Coping With COVID-19 if You Live Alone

Living alone during social isolation could be totally fine.

Posted Feb 24, 2021 | Reviewed by Gary Drevitch

 Alex Green/Pexels
Source: Alex Green/Pexels

The COVID-19 outbreak and associated physical distancing measures altered the social world for most people, but those who live alone may have been disproportionately affected. For example, a recent study reports on adults who live alone during COVID and shows that they are less likely to see others in person or to receive/provide help.

But there are several ways that singles can get social support. Indeed, my research taught me that singles invest more in their social circles and even derive more satisfaction from these connections. Singles are closer to their relatives, they join more clubs, and they also know their neighborhoods better. All of these are resources during such times as the COVID-19 pandemic, and they can rely on a more diverse network of social support, even if it is through online channels.

In contrast, partnered people usually adopt a pattern of behavior termed in research “greedy marriage,” by which they turn inwards into their partnership and abandon many of their friends. Married men, in fact, suffer from this the most. Thus, many coupled people rely on each other, but this is almost the only resource they have.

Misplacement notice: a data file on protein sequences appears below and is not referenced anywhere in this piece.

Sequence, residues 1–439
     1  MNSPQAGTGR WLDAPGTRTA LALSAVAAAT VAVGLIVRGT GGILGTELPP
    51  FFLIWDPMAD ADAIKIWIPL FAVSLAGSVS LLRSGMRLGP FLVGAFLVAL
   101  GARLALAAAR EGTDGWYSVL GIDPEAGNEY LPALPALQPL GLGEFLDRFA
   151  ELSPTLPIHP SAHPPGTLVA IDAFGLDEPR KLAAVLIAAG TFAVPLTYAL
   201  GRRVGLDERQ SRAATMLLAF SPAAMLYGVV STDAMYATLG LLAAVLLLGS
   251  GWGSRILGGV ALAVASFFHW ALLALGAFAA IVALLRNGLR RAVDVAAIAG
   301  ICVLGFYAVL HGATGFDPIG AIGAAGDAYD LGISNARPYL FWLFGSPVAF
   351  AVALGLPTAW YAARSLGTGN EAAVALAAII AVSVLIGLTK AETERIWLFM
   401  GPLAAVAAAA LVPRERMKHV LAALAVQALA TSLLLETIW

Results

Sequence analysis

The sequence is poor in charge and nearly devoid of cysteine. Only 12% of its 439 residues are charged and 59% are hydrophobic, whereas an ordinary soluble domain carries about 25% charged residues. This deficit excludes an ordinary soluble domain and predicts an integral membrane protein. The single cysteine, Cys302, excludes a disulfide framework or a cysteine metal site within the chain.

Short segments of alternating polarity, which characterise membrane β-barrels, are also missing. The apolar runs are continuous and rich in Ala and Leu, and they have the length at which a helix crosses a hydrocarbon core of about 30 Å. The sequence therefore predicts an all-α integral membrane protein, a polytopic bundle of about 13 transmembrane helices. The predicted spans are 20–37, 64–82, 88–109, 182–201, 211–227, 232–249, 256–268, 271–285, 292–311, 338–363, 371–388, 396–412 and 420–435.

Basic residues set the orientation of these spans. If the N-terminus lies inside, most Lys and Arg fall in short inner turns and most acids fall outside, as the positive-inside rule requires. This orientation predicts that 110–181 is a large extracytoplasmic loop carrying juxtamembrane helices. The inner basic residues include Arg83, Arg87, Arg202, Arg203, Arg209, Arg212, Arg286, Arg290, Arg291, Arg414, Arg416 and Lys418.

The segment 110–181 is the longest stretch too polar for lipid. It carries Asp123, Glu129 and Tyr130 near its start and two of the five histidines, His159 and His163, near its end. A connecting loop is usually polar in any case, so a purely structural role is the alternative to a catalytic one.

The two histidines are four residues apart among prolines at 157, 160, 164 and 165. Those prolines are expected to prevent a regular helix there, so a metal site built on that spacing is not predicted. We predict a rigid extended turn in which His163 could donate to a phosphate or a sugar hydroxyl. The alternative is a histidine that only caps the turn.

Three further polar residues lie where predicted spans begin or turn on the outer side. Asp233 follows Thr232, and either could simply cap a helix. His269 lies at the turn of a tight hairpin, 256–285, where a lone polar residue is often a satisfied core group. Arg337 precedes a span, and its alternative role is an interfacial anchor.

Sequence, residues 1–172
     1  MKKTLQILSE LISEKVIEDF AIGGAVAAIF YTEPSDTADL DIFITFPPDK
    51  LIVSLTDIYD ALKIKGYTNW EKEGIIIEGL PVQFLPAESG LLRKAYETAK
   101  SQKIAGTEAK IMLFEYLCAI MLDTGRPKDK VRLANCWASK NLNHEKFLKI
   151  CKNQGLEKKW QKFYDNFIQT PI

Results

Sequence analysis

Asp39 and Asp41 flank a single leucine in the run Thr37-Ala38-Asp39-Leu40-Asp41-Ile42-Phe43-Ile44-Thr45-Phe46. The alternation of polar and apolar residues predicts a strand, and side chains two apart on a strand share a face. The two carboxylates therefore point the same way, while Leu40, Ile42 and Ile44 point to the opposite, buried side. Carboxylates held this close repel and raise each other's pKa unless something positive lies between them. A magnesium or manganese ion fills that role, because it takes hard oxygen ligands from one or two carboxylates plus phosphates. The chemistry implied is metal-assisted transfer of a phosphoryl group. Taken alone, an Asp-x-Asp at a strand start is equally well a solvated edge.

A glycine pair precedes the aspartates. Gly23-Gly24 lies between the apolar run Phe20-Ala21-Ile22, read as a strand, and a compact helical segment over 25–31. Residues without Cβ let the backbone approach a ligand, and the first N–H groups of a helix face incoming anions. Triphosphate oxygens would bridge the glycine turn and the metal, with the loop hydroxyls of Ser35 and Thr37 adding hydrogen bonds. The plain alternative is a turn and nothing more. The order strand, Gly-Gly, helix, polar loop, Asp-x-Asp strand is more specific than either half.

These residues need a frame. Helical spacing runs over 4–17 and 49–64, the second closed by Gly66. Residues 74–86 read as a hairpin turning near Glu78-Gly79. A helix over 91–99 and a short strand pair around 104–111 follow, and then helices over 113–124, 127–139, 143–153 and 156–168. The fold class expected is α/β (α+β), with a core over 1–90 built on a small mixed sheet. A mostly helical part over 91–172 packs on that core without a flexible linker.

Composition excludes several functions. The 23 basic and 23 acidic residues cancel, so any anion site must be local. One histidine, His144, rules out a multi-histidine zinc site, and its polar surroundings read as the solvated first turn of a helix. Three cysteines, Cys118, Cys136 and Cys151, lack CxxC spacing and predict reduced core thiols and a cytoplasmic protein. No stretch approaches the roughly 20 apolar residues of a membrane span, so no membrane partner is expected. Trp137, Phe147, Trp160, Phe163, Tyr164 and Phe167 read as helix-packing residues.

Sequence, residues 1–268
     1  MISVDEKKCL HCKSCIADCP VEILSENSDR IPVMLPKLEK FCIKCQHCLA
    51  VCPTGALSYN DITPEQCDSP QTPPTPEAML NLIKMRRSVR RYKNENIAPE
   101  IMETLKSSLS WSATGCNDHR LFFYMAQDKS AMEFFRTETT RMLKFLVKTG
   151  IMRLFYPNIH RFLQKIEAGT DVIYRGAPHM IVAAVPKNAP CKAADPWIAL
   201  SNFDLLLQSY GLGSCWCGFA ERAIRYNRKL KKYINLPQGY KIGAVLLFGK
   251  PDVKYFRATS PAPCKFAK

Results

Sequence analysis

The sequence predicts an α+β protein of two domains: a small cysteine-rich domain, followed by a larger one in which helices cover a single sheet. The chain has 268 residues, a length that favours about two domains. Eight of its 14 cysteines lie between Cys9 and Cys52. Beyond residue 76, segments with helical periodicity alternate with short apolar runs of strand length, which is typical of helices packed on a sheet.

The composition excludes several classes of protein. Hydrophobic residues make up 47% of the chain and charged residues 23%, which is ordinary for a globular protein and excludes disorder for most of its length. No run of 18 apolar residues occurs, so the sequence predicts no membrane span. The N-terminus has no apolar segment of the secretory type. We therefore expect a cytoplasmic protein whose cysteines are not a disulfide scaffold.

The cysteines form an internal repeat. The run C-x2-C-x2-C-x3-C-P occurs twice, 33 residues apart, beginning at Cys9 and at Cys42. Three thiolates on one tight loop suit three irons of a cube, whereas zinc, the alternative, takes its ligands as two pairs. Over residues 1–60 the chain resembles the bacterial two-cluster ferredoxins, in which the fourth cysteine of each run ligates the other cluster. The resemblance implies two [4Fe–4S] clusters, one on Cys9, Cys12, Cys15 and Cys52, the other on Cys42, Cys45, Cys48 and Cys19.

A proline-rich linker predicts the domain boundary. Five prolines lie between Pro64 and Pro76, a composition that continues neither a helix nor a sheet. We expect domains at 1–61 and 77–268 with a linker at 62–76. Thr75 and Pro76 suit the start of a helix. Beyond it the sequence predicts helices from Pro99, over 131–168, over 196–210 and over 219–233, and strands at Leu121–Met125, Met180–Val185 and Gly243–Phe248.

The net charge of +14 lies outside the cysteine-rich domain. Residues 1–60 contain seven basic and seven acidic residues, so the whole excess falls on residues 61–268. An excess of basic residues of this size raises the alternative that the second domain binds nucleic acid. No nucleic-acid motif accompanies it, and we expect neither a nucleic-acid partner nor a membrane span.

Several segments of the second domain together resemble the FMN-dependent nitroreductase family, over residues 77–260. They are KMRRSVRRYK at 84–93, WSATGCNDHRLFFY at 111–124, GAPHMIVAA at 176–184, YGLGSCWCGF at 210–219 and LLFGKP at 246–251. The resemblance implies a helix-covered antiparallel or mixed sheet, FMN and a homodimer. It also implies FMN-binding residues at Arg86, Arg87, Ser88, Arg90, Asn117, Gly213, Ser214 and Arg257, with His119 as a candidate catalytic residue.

What Policymakers Can Do

Still, policymakers should do more. While governments and local authorities invest in efforts tom take care of families, not enough is done for those who live alone. Schools and community centers initiated programs for children and their parents, and social distancing laws are not applied to family members who live together.

Singles, however, have their own needs, and because they face stigmatization, often combined with ageism, they need their own safe spaces, even if it’s online. Such spaces, however, are still rare, and we really need to support this population in this crisis. Zoom meetings organized by social workers, online consultations with local volunteers, and even peer-to-peer virtual social activities are desperately in need today.

In addition, there are several concerns about how singlism (discrimination against singles) might affect unmarried adults during the COVID-19 crisis. The research of Joan DelFattore, presented in the video below, is an excellent example of a situation where singles receive a sub-optimal treatment precisely because they are single.

While her research was done on cancer treatments, it might well be that experimental treatments for COVID-19 are given to singles less frequently than to partnered people. Doctors, consciously or unconsciously, base their decisions on the false assumption that singles don’t have enough support in case of failure. This assumption is simply a show of singlism and prejudice. Singles may actually have a better support system in such cases, with more people to chip in for help.

Therefore, we should be more aware of singles today, but also see how singles can teach society how to live apart together. Perhaps it is an opportunity to change our mindset and open up to full-scale living options.